You are as much a fantacyst as they are

Cliff Hilton
July 5, 2021 5:10 pm

Quite fascinating. Please indulge us. I want to observe you living out this prescription, for, let’s say, your whole life. THEN, I can say, with certainty, you have found the answer to no problem. Let your life be a testimony, whether for or against your own prescription. Carry on!

Geoff Sherrington
July 5, 2021 5:28 pm

Poorly educated authors evaluating quality of education. Authors who ver earned riches describing the satisfaction of wealth. Would not surprise me to find one or more of the authors was fat from overeating, while telling others how much food they need. Pots, black kettles. Horrible junk paper. Geoff S

Randy Steck
July 5, 2021 6:24 pm

Exactly the argument tyrants throughout history have made: “I know the answer to all your problems and will force you to accept it because I am smarter, wiser, and more righteous than you.”.

July 5, 2021 6:34 pm

Key sentence, “Democracy is not significantly correlated with the environmental efficiency of life satisfaction (Knight and Rosa, 2011) nor with the energy intensity of life expectancy…”

Their “study” is a nothing but a re-write of “The Communist Manifesto.”

July 5, 2021 7:07 pm

So the Swiss should be OK with Russia annexing them and maybe lowering their quality of life (just a little).

There should be no need for these….they spew massive amounts of C02:

Switzerland Just Ordered Dozens of F-35s, Despite Opposition (interestingengineering.com)

Really, the Swiss are going to go into aerial combat ? Just talk things over and save the planet.

July 5, 2021 8:11 pm

Centralist planners somehow always seem to plan more for themselves than for the peasants.

July 5, 2021 8:22 pm

“From each according to their abilities, to each according to their needs.”~ Karl Marx…..

We all knew CAGW was never a physical threat to the earth, but rather a political threat to man’s inalienable rights of life, liberty, property and inalienable rightson a global scale.

As history clearly shows, Marxist central control of land, labor, capital and human rights always fails miserably, as opposed to a decentralized free enterprise system where land, labor and capital are efficiently allocated based on merit, supply/demand, and price discovery and the sole purpose of a decentralized government is to protect and defend our inalienable God-given rights (or natural rights for my atheist friends) and perform a few basic enumerated tasks best done by a decentralized government.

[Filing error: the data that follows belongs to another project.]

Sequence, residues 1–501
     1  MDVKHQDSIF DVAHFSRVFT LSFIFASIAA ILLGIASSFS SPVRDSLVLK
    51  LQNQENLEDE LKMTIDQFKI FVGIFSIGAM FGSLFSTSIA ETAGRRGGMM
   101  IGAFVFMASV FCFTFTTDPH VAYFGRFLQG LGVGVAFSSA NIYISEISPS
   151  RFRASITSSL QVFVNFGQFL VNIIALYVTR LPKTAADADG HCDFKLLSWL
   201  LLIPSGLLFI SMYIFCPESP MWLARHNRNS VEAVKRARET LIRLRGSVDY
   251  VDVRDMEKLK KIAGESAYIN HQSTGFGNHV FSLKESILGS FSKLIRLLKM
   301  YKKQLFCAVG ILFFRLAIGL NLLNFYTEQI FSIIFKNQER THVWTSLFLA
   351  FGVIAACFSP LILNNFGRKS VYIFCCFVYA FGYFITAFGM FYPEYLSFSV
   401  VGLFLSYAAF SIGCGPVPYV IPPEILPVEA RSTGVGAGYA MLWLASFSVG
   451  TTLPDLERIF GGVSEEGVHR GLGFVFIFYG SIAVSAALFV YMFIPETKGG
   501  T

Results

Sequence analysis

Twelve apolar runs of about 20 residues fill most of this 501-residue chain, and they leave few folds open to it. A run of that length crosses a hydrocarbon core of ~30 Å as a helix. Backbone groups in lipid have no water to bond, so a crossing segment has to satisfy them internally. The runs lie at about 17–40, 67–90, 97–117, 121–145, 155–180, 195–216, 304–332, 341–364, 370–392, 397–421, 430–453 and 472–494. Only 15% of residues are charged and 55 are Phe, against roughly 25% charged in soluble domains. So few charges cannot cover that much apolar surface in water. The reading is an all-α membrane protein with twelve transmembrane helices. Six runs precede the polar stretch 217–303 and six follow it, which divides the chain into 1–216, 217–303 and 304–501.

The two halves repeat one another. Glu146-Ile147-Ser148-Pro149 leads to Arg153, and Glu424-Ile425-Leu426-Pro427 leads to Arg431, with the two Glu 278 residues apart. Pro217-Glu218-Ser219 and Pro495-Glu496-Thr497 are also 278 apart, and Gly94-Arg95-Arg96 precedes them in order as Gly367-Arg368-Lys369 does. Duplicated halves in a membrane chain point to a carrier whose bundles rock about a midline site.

My hat is off to the Fascists for coming so close to pulling this scam off, but the gig is up, and people are getting fed up with all the Marxist BS and just want their lives and freedoms back.

July 5, 2021 11:13 pm

Apparently, the “geniuses” who did this study, more like this Book of Mao, never read Heinlein.

“Throughout history, poverty is the normal condition of man. Advances which permit this norm to be exceeded — here and there, now and then — are the work of an extremely small minority, frequently despised, often condemned, and almost always opposed by all right-thinking people. Whenever this tiny minority is kept from creating, or (as sometimes happens) is driven out of a society, the people then slip back into abject poverty.
This is known as “bad luck.”

― Robert A. Heinlein

Jarrett C Rhoades
Reply to  KcTaz
July 6, 2021 6:06 pm

Starship Trooper?

July 5, 2021 11:24 pm

Help me to translate this, please. What, exactly, is “higher need satisfaction?”

Vincent Causey
July 6, 2021 12:09 am

Basically, all the have done is identified what the human body needs – nutrition, shelter, warmth, health care, education, minimum wage etc. Then they propose that you can reduce energy use if you can change society to eliminate all activities that don’t meet these basic needs – everything that makes life worth living, in fact.

July 6, 2021 3:34 am

Where are the palatial estates these scumbags live in? Time for pantifa and black lies matter to pay them all a visit.

Dave Andrews
Reply to  2hotel9
July 6, 2021 6:50 am

Come on cut them some slack. Judging from the verbiage and ludicrousness of much of their phrasing they were all obviously as high as kites when writing it and submitted it as a joke.

Andy Pattullo
July 6, 2021 7:13 am

It such a shame, the waste of time resources and effort to produce this output when a single cow and a grassy field can produce something far more useful in a matter of hours. Just watch where you step.

July 6, 2021 8:55 am


Economic growth is BAD?

They say “We understand what defines and characterises human needs, and what levels of which goods, services and conditions generally satisfy these needs”

Then define those sufficient needs as:

  • sufficient nourishment
  • drinking water
  • sanitation
  • basic education
  • minimum income

It reads pretty much like they’re suggesting this for pretty much everyone. Except the “elites” of course. Economic growth and affluence are not good – that takes too much energy.

Here’s your green future. Hope you enjoy it.

Jarrett C Rhoades
July 6, 2021 5:24 pm

Bah! Keep your multi-variate “analysis” off of my life.

Jackie Pratt
July 7, 2021 6:15 pm

oh my gosh what an incredible pile of garbage

July 17, 2021 11:26 am

Another overly elaborate ragbag of word-salad academic horseshit. Boil it down and it still spells communism.